A landscape of honey-coloured stone houses and terracotta roofs are densely packed into the narrow streets. Here in Sicily, you are rarely far from a dramatic sea view, some volcanic terrain or a site from a past civilisation – or sometimes all three of them.
Add in a soundtrack of soaring strings and you could be on the set of BBC Four’s Inspector Montalbano. It was shot across the south of the island in the beautiful towns of Noto and Ragusa, and the coastal village of Punta Secca, where there’s now a Piazza Montalbano. Tourists can even stay in the waterside flat which the food-loving, coffee-sipping inspector uses.
The south-eastern strip of the island runs down from Catania, skirts the opal-coloured Ionian Sea, and takes in the south-western tip; it is arguably Sicily’s most beautiful stretch and has greater variety than the northern half that is centred around Palermo.
“This part of Sicily offers archaeological sites in Syracuse, nature and wineries, beaches on the coast, and big city life in Catania,” says Antonio Carnazza of estate agency Engel & Völkers. “It’s also well-connected with the rest of Europe.”
Southern Sicily is a three-hour flight from London and modern roads on this part of the island make driving from Catania easy (less so once you’re well off the beaten path, where stone roads prevail).
Foreign buyers opt for villas near the unspoilt coast or period apartments in well-preserved centres like Catania, Ragusa or stunning Ortigia, the tiny and well-preserved urban island that is linked to Syracuse town by two bridges.
Exceptional period houses in southern Sicily can top £1 million, but a modern villa with a pool close to the beaches of the east coast is likely to be less than £300,000. Small stone houses in villages, almost all of which require renovation, can be picked up for a mere £5,000 to £30,000.
A few remote hamlets topping steep hills inland even have schemes selling old and hitherto-derelict cottages for literally one euro a piece (around 90p). But buyers must commit to using local builders when renovating the property, so the opportunity may not be quite as tempting as it sounds.
Yet even the higher value open-market properties are cheap by overseas holiday home standards. “The place oozes a similar Mediterranean feel to Puglia in Italy, but the homes offer more bang for your buck when it comes to square footage,” says Annabel Smith of agent Jackson-Stops.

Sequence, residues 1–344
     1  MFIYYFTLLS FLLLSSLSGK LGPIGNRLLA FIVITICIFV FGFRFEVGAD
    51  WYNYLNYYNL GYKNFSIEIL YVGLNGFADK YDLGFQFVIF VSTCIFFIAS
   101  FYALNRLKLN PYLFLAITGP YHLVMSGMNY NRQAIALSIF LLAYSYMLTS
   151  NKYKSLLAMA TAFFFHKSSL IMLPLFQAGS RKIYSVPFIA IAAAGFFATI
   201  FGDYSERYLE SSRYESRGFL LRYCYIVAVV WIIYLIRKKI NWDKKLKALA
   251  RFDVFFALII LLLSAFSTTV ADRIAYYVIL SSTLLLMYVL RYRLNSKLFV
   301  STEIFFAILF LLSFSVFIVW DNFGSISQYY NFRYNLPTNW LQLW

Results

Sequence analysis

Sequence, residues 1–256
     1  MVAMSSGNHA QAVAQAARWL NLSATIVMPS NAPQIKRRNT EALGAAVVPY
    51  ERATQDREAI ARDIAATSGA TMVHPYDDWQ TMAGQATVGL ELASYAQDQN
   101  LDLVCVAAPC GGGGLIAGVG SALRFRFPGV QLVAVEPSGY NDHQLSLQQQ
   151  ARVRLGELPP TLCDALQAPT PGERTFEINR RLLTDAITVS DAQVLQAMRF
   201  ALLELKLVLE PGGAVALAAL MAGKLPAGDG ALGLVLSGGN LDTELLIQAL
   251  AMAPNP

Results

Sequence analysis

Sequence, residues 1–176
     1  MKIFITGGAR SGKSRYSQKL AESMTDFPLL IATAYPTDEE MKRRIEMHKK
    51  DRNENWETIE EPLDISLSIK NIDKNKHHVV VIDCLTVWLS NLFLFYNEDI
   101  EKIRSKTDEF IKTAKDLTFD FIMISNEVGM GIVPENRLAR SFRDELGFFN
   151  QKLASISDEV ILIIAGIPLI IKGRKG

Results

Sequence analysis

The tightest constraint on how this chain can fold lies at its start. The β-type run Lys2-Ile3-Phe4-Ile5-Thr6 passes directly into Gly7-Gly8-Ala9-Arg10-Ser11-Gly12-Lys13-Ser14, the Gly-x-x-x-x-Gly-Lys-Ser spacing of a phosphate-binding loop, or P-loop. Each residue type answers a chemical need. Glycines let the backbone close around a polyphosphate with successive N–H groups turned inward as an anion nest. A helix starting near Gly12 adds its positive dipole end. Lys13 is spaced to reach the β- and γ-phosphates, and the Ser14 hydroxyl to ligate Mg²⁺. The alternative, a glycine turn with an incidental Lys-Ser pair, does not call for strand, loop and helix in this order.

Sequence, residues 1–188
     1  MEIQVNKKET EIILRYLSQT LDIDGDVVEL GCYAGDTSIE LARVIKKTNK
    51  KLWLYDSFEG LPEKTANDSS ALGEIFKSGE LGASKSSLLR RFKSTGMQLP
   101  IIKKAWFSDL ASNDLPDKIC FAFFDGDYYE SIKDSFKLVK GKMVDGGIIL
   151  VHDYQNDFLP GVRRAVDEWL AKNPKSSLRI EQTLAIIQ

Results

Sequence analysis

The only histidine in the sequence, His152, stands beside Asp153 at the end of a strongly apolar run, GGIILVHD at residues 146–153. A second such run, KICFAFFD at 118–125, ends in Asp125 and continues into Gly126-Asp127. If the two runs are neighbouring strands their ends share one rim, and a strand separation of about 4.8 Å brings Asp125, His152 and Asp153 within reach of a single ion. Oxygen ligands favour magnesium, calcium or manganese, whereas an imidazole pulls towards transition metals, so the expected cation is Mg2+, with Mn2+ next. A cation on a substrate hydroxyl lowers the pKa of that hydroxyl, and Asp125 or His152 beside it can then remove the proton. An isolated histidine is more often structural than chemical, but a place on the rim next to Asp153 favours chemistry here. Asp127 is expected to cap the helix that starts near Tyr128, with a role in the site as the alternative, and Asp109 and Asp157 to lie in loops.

This is because Sicilian prices are 35 per cent down from their 2008 peak (the Italian market suffered badly in the financial crisis), and are only just starting to recover. In a location where house prices are low anyway, this means homes now offer strikingly good value, especially to British buyers suffering from the weak value of sterling.
“Since the Brexit vote the number of Britons buying has decreased 30 per cent but there’s an increase in Italians who’ve lived in the UK and want to invest in Italy again,” explains Fabrizio Vitellino, owner of the Buy In Sicily agency, which handles a lot of this region’s international purchasers.
There’s also scope for substantial income for owners who let out their properties. “There are high returns because of the Airbnb boom and the huge increase in tourists,” says Engel & Völkers’ Carnazza.
So for those purchasers wanting sun, sand, scenery, and perhaps a little income from rentals, buying a holiday or permanent home in south-eastern Sicily sounds perfect. But the Italian house purchase process is not for the faint-hearted. The keys to success are hiring trusted professionals and being very, very patient.
Scant property details are uploaded to many agents’ websites for fear of buyers making direct approaches to sellers and thus avoiding agents’ fees (a common occurrence in Italy), and for the same reason viewings tend to be accompanied by the agent.
Purchasers pay a deposit of up to 20 per cent early on in the buying process, and if the deal is concluded both seller and buyer pays commission to the estate agent. As purchasers inherit some of the vendor’s unpaid property tax debts, good legal research is vital before you commit. The condition of the oldest properties – and some of the newer ones too – can be poor, so a thorough survey is a must.
As a consolation, the cost of living in Sicily is as cheap as the scenery is gorgeous. Even tiny villages have markets weekly (sometimes three times a week) while as soon as you step away from traditional tourist routes it’s possible to get a meal with wine for €15, and an espresso and breakfast pastry for just a euro. There’s no wonder Inspector Montalbano chooses to spend so much time frequenting the local coffee shops and restaurants.